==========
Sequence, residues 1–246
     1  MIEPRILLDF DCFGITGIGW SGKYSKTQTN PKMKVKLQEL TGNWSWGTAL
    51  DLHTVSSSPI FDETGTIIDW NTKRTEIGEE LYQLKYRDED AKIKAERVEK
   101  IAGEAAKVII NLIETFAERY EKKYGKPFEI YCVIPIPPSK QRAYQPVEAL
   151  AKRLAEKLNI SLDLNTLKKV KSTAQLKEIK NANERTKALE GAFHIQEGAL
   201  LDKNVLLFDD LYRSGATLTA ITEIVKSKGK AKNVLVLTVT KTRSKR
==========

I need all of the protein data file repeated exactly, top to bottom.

Sequence, residues 1–246
     1  MIEPRILLDF DCFGITGIGW SGKYSKTQTN PKMKVKLQEL TGNWSWGTAL
    51  DLHTVSSSPI FDETGTIIDW NTKRTEIGEE LYQLKYRDED AKIKAERVEK
   101  IAGEAAKVII NLIETFAERY EKKYGKPFEI YCVIPIPPSK QRAYQPVEAL
   151  AKRLAEKLNI SLDLNTLKKV KSTAQLKEIK NANERTKALE GAFHIQEGAL
   201  LDKNVLLFDD LYRSGATLTA ITEIVKSKGK AKNVLVLTVT KTRSKR